The gameplay consists of a series of hub levels, that are each connected to a number of worlds where you search for the majority of the collectables needed to progress. The hubs are great for exploring and trying out the controls without much danger. You can then mostly pick and choose which levels to try out, which include a mix of environments including medieval castles, deserts, icy mountains and volcanoes.
Controlling Spyro is simple and satisfying. As you might expect from a character called Spyro the dragon, he can breathe fire. To keep things balanced, he isn’t able to torch everything in sight like an angry Charizard, but instead shoots short bursts of flame. His other attack is a charge, where he lowers his head and gains speed to deliver a spiky headbutt. This can also be used as a faster way of getting around, as long as you avoid walls and cliffs of course.
Not as Hard as Dragon Scales
These games are more forgiving than other famous platformers like Mario, Sonic and Crash Bandicoot. In those games, I constantly die from slightly mistiming jumps and brushing one of my pixels against an enemy pixel. I'm also known to slide off ledges into a physical and emotional abyss. In Spyro you take a few hits before you die, and whilst there are plenty of bottomless pits, they’re easier to avoid. Overall this is a more relaxing experience, which is generally what I play games for. If you’re looking for something to really test your platforming skills, Spyro might not be savage enough.
However, the lower difficulty level is partly responsible for Spyro’s success. It allows people to enjoy themselves even if they don’t have much platform game experience. I witnessed this firsthand when I let my girlfriend’s four-year-old nephew play, who hasn’t done much console gaming. Within a few minutes, he was physically jumping around and gesturing with the controller, hoping it would influence the game, completely engrossed in the virtual world. He was able to do all of the basics, without getting frustrated by constantly falling to his doom or getting crushed by enemies.
Having said that, it’s not a complete breeze. There are plenty of enemies around. There's an array of weird and wonderful beasts including giant crabs, scuba diving rhinos and wizard lions (or lion wizards?). Each attack is enough to take out most enemies in one hit. However, you have to be tactical as some enemies are fire-proof whilst others are headbutt-proof. I tried fairly hard to complete and collect everything, but still missed a fair few gems and other bits. So if you want to get all the way to 120% completion (yeah this one goes to 120), then that will give you a few extra hours of snooping around (and probably getting some YouTube help).
Sometimes it’s a Drag to be a Dragon
So far this review has been a love letter to Spyro’s past and present, but I do have criticisms. The first of these are the flying challenge levels. For some reason, Spyro has been cursed to fly for eternity, with a mix of objectives like racing through rings or killing all enemies. All without touching the ground and within a time limit. For me, the frustration outweighs the thrill of the challenge. I never got the hang of the flying controls. This meant I had to replay some levels countless times, getting agonisingly close to completion before running out of time or faceplanting into a mountain. I appreciate the opportunity for a change in gameplay style. It’s great when you finally complete them. However, it’s jarring compared to the relatively chilled atmosphere of the rest of the main levels.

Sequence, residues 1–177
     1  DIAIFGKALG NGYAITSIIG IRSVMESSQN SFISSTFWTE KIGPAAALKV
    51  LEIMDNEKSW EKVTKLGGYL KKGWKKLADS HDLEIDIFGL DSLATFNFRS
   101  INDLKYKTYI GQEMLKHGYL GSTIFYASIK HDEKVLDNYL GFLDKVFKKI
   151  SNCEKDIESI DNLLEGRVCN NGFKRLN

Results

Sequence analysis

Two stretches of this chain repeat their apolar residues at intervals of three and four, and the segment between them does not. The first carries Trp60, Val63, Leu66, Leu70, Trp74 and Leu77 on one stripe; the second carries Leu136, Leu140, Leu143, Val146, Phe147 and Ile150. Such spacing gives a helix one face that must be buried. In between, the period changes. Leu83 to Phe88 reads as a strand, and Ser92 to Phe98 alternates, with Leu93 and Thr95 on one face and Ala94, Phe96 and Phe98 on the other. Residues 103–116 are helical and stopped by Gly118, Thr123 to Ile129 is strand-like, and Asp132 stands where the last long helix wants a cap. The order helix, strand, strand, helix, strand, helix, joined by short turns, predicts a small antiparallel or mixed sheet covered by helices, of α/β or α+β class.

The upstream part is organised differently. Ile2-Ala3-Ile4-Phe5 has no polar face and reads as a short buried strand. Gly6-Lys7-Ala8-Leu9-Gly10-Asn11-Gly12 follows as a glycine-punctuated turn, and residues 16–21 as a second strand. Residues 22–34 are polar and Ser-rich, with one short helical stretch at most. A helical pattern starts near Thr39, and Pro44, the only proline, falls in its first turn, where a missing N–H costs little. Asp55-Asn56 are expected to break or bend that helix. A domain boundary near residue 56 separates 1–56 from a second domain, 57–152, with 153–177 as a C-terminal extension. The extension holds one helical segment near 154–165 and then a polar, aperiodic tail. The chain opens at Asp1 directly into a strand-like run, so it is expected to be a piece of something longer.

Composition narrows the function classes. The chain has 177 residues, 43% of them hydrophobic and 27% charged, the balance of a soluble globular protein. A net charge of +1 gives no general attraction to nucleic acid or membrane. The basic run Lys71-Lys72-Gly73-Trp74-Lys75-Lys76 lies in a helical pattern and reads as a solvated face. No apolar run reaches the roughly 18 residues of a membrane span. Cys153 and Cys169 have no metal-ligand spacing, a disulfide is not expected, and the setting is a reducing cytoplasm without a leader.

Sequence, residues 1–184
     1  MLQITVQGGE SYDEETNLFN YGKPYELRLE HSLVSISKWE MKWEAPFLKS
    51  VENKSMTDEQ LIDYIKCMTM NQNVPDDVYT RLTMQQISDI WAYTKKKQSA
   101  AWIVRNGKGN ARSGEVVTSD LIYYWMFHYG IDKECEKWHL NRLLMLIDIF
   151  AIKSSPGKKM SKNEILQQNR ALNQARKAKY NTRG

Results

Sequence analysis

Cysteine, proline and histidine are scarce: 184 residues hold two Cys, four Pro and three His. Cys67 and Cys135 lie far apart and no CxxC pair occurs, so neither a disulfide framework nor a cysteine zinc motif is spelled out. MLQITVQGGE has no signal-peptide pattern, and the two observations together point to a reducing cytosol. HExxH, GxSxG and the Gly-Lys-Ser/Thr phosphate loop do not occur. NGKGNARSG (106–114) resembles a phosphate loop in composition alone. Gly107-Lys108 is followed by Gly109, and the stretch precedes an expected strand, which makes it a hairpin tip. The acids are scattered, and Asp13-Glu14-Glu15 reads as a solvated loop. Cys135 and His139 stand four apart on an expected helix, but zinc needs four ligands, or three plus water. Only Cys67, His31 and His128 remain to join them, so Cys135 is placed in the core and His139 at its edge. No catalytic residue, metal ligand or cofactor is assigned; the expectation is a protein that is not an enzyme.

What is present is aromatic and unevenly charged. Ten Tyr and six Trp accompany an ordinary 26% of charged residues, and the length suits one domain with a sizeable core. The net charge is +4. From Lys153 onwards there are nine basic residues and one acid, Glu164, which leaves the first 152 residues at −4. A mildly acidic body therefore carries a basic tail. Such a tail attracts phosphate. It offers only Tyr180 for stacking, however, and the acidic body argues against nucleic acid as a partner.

Another thing that could be improved comes into play in the third game. You occasionally take control of different members of a vague Spyro Justice League. There’s a kangaroo who can jump really high; A penguin who can fly for some reason; a yeti armed with a club as big as himself and a secret agent monkey. Generally, they’re clunky to control, which is a sharp contrast to Spyro’s carefree romping.
I had a great time with the Spyro Reignited Trilogy. I would highly recommend this collection to anyone who enjoyed the originals. There aren’t any aspects I can think of that make the experience any worse than the PS1 games. Maybe you’ll miss the quaint charm of the original graphics, in which case you can always watch some video playthroughs
Going with my gut instinct, I also recommend Reignited to people who haven’t played Spyro before. It is better than most 3D platformers that have ever existed. The decline of 3D platformers means that it provides a fairly unique experience on current consoles.
As a final note, a sequel to the original Crash Bandicoot Trilogy was released on the back of the success of their 2017 remasters. This might mean a new Spyro “4” could be gliding into our lives at some point.